The Iranian citizens in “Your Voice” talk about the discrimination against religious minorities that they have witnessed. They provide short stories about the suffering of millions, who have become “simple incidents” in Iran.
This is a story of Niloofar and three other 8-10 year old Zoroastrians girls, 30 years ago in the city of Yazd, who were told that they were “impure” and could not swim at the public swimming pool again.
Cleanness and Cleanliness have always been the most important principles for our family, since our Iranian ancestors have frequently underlined the importance of avoiding contamination of water, soil, air and fire; I learned many things from my family about cleanliness and dirtiness in my childhood. But I had never heard the word “Najis”, a word that means ritually impure, before middle school. I did not know how any person or citizen could be or become Najis until I found out when one day we were told that Zoroastrians were not allowed to enter the swimming pool anymore. At that time, we were too young to understand why we were Najis and should not swim in the pool like other children. We were just four 8-10 year old Zoroastrian girls who wanted to have some fun together once or twice a week, and enjoy playing in the swimming pool on hot summer days.
We always used to speak in Zoroastrian Dari and wander in a cloak. This caused curious people’s attention in the pool, and consequently we were no longer allowed to enter the pool. We were Najis because of being Zoroastrians. The next week, our families were informed that “your children are not allowed to use the pool.” I later found out that our parents had struggled hard to figure out what the problem was.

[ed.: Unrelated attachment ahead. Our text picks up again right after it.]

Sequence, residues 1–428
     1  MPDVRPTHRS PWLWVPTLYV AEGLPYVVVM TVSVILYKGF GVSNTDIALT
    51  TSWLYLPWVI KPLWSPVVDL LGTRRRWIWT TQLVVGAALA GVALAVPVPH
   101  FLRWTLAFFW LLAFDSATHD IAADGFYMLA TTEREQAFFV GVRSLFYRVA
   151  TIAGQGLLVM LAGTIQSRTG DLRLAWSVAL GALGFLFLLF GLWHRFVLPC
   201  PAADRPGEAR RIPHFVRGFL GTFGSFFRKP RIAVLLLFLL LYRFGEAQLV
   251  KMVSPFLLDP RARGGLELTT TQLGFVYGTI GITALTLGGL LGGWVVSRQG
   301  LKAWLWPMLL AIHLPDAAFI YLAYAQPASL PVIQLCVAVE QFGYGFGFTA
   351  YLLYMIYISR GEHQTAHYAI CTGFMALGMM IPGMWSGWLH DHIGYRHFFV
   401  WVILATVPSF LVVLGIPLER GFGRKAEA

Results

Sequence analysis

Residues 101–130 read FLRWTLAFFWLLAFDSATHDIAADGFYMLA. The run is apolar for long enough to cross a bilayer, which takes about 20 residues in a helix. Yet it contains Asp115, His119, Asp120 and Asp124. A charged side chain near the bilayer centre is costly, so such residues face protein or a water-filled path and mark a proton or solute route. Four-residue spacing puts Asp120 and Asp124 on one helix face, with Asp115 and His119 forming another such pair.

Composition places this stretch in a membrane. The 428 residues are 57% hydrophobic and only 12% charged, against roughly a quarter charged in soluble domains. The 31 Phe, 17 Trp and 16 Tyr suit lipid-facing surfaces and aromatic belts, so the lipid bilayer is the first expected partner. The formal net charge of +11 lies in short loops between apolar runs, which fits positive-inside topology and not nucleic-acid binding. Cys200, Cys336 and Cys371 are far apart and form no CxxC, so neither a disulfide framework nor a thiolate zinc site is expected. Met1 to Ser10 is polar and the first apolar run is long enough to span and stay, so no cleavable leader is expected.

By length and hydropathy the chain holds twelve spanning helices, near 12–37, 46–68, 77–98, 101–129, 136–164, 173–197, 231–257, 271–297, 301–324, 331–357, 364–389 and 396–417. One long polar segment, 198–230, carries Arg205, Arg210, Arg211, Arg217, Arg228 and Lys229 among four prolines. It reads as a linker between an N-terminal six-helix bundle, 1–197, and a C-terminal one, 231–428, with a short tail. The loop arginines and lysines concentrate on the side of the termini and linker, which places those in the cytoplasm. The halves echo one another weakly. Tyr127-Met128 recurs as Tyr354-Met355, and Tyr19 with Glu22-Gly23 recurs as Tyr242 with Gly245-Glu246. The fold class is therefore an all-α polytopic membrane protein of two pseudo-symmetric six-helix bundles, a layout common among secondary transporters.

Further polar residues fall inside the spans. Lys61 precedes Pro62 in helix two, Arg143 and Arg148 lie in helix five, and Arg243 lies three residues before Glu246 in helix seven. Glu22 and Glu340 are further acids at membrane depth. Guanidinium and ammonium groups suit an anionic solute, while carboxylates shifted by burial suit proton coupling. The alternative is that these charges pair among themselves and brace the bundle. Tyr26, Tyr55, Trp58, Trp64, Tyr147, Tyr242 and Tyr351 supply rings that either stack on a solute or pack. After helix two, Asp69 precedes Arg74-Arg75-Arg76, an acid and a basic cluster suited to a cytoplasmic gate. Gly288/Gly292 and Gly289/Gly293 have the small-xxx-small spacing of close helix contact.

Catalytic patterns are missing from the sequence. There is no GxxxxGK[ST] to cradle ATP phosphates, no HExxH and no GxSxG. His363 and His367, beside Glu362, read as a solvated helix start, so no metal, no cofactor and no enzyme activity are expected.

In this regard, they referred to a letter in which a college student had asked the Supreme Leader if there was any problem eating with religious minorities. The answer was that the religious minorities are not Najis in that case.
By referring to this letter and according to the fact that we Zoroastrians are also Iranian citizens, they met the representative of the Supreme Leader and the Friday Prayer Imam of Yazd to complain about this. But it was of no use as it was said that each city has an independent Sharia Ruler who has absolute authority over his own district.
Then our families wrote a letter referring to a Hadith, which said that if a Najis’ object falls in Kurr Water, i.e. the Water which fills a container whose length, breadth and depth are three and half spans each, the Water will not become Najis and make the najis object Clean as well. By virtue of this Hadith, they once again complained to the representative of the Supreme Leader in Yazd, mentioning that even if we are Najis, the pool water is more than a Kurr; we will therefore not make it Najis.
But the issue did not end here, our families were called for an answer a few days later. They were shocked when they heard the opinion that we make the pool hall and the floor Najis.
The Supreme Leader’s Representative Office confirmed the correctness of the Hadith about Kurr Water, and declared that the Water is not Najis as long as we stay in the pool, but after we leave the pool, the floor will become Najis. Thus, we realized when we are walking to the locker room, the drops of water falling from our body will make the floor and the locker room Najis.
In accordance with this religious belief, we had no choice but to accept that which we could not change, because we apparently made not the pool water but the surroundings Najis! We Zoroastrians, who once built Iran with Cleanliness, are now not entitled to enjoy the legal rights and privileges granted by the state to the people, because we have become a religious minority and not considered first-class citizens.